Can A Single Woman Do Too Much Before Marriage?

BY: - 5 Sep '12 | Home

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Credit Mike Hughes

As a woman, who graduated college in four years (despite being a parent), purchased her first home by age 23, and who was the first person in her  immediate  family to go to college, I can say I’m “driven”. I’ve been that way since I was old enough to see my mom struggle with her independence after she divorced my dad. I had a yearning to make sure that I never had to rely on anyone else to ensure that I was OK . My yearning was never over confidence; it was just the confidence that I could be self sufficient–if necessary.

When I met my husband, that’s one of things he loved about me–my sense of independence. It never intimidated him; he was proud I didn’t “need” his help but instead I “wanted” his help. This is what all men think… Right? That’s what I thought until the other morning I was driving to work here in Atlanta and I heard the following:

“A woman should wait to purchase “big” things (dream car, house, etc) until she’s married. If they don’t wait, then it’s intimidating to a potential mate.”

As I listened, I was not only disturbed but also angered that, in 2012, it’s okay to tell women to lessen what they do in hopes that, one day, they’ll find a mate to do it with. Are men encouraged not to buy a house or a nice car until they find their wife? Of course they’re not!  But society makes women believe they always have to change to find a mate.  And, this is just another metaphorical slap in our face as women. According to  societal  standards, women have to now not only be perfect, but  they also are being  driven in fears that they’ll “scare” off the “perfect” mate!

Is this what being single has come to:  literally to wait on the “right mate” so that you can move forward with your life? Shouldn’t secure men be proud that women can do things “on their own”? You see, the belief that women need to “hold back” is the advice given to women usually by insecure men; these are men who are intimidated by a woman’s drive and passion and who will use it as a tool to make us feel like something is wrong with us. The equally sad part is there are single women who listened to this and thought that actually stopping their flow would attract a mate.

As I continued to listen to this show, the hosts went further to say that women who already own big ticket items (car, house, etc.) usually possess confidence like they are “too good” for men who don’t have the same. Now this is one point I could understand because after buying my first house at 23, I had a sense of accomplishment that others might mistake for arrogance. Luckily my then boyfriend (now husband) had to let me how it could “put others off” so I had to adjust my attitude from accomplished to grateful.

Ladies, the reality is  if a man wants to be with you, it won’t matter if you own a million dollar mansion, a sports car or if you’re the Senior Vice President of Coca Cola–they will pursue you. These men are usually already secure in who they are, and they appreciate the drive and ambition that many women are forced to have. They understand that becoming someone’s mate is a process that takes a lot of giving and taking.  And they aren’t scared off because a woman is successful. So don’t be ashamed of what you’ve done so far in your single life. Whether it’s you buying your first home, your “dream” car or taking your “dream trips”. Instead, be confident that the man for you will view those things as an “add” to the relationship and not as a subtraction from who you are!

Now BMWK family, do you believe that women should wait to do some things after marriage?

About the author

Franchesca Warren wrote 44 articles on this blog.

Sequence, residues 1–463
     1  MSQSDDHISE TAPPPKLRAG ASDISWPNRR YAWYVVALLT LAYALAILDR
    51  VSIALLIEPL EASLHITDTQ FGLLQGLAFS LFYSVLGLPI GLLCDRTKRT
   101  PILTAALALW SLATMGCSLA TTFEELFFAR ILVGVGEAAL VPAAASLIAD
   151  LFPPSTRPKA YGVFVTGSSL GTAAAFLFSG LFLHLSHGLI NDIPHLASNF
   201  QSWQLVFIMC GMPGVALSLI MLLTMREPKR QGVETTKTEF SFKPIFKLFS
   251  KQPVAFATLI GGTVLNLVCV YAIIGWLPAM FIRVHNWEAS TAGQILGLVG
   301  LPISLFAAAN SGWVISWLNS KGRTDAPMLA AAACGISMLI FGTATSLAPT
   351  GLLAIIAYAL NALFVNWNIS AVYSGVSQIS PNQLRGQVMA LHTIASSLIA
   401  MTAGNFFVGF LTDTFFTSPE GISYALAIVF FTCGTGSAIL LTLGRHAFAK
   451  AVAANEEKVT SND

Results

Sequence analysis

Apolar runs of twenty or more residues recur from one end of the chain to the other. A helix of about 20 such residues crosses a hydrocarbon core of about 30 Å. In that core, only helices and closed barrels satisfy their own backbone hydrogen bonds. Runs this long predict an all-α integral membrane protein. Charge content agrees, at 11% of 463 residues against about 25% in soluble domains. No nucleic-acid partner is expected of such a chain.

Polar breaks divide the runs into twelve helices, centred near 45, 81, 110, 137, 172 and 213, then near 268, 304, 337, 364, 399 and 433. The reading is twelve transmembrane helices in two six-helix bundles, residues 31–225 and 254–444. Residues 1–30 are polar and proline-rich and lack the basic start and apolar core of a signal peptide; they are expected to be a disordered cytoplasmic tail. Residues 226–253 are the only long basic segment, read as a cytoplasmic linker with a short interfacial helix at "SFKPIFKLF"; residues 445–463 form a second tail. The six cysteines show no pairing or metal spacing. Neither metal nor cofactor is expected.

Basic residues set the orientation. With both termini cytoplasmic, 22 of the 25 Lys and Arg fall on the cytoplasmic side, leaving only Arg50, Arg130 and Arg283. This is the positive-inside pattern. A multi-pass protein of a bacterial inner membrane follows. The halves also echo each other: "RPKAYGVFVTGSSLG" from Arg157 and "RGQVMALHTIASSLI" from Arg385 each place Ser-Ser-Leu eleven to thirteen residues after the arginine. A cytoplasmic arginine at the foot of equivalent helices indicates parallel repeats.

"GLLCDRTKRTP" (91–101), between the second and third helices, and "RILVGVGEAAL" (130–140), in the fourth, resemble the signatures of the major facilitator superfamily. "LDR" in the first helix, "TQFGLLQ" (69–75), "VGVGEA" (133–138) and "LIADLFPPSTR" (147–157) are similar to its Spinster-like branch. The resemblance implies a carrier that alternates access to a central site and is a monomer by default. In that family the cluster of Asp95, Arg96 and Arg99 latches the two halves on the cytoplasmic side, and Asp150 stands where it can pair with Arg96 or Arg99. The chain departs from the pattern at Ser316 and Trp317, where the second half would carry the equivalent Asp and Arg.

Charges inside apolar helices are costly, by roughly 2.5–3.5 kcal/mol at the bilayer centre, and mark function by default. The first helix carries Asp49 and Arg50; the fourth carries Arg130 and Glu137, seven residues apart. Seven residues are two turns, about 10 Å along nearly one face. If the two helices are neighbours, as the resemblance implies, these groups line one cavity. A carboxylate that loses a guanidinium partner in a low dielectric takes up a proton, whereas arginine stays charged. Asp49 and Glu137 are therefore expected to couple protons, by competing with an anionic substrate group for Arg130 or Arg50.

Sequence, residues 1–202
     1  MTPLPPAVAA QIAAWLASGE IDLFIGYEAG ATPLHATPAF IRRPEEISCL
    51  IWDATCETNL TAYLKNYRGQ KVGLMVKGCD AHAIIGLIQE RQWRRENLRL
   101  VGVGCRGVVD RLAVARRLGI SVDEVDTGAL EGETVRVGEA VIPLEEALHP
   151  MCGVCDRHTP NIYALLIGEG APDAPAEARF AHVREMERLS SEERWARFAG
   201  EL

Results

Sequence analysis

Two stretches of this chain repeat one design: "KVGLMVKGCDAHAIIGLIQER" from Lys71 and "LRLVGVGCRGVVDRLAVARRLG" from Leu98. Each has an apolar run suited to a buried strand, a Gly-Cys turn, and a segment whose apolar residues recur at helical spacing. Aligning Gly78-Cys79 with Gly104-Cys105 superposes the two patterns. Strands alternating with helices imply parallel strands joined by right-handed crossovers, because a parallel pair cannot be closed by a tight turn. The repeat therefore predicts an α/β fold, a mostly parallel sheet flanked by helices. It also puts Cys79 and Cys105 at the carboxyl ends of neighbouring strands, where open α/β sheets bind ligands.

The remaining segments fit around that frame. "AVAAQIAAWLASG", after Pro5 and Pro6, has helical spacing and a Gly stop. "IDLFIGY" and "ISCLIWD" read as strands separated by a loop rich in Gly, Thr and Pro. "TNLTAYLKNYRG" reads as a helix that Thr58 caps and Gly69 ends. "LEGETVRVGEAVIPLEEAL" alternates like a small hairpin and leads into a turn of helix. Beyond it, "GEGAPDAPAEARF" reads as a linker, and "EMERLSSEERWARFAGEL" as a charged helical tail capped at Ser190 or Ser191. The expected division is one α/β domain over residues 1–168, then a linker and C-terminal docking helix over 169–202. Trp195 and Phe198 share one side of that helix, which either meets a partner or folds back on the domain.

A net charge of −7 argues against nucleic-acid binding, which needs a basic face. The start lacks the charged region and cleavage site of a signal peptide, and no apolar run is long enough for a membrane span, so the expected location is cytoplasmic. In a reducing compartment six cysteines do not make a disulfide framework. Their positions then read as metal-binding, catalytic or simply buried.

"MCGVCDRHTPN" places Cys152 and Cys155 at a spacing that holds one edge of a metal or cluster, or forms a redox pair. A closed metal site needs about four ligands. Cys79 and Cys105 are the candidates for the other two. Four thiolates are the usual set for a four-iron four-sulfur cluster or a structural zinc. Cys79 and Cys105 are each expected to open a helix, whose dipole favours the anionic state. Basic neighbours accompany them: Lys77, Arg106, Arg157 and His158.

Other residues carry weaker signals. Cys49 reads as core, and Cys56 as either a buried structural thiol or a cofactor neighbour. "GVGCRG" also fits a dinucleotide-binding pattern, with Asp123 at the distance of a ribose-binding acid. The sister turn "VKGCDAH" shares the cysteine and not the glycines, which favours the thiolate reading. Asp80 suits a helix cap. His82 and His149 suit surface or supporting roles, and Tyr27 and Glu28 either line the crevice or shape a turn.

Franchesca Warren is writer, author, blogger, educator, runner, entrepreneur, mother and overall BossyGirl. She's currently working on her second book detailing her chronicles of working in two of the roughest urban school districts with a release date of August 2012. You can find her full-time on her blog chronicling her life trying to balance it all and run a marathon by the end of the year. In her spare time she runs her own editing company, The Editing Nerd, and working on the launch of her first magazine. For a daily account of the good, bad and ugly of being a BossyGirl follow her on Twitter!


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42 WordPress comments on “Can A Single Woman Do Too Much Before Marriage?

  1. PatriciaW

    No way! My mom, who was born in the 1920s and earned a master’s degree at a time when few Black women even had access to college educations told her daughters not to wait. She and my father were married for over 40 years. I too got my degree in four years and bought a house before I got married. 21 years later, he’s still not intimidated by me. He respects me and appreciates what I bring to table. No need to dumb it down, hide it in the bank or wait for a rainy day to catch a man before knowing your worth and treating yourself well.

  2. Melissa

    I don’t agree with what was said on the radio this morning. However, I do caution single women to make sure they’re financially ready to take on big ticket things like houses and cars. Living within your means may include continuing to rent for a couple more years until you can save up a sizeable down payment for a home. It may mean continuing to pluck around in your old car until you can put cash on the table for a new one. Two people with healthy financial habits bring healthy financial habits to a marriage. If you’re willing to make the necessary sacrifices in the short term for long term benefits, that’s a characteristic any man should spot from a distance and appreciate no matter what you’re driving or living in.

  3. ttjam

    My sister and I bought our home a year ago and at the time we were both single…well I was dating but that’s neither here nor there. Anyway, we paid for our home flat out with cash and were able to buy a 4 bedroom home at a great price and NOT be in debt as a result of it. Its possible and people should seriously look into buying right now especially in this market rather than renting. One of my favorite books speaks on the woman’s ability to buy a home BEFORE getting married and I encourage all women to read it. The title is “Your money and your man” it has a wealth of information in it from finances to love and relationships.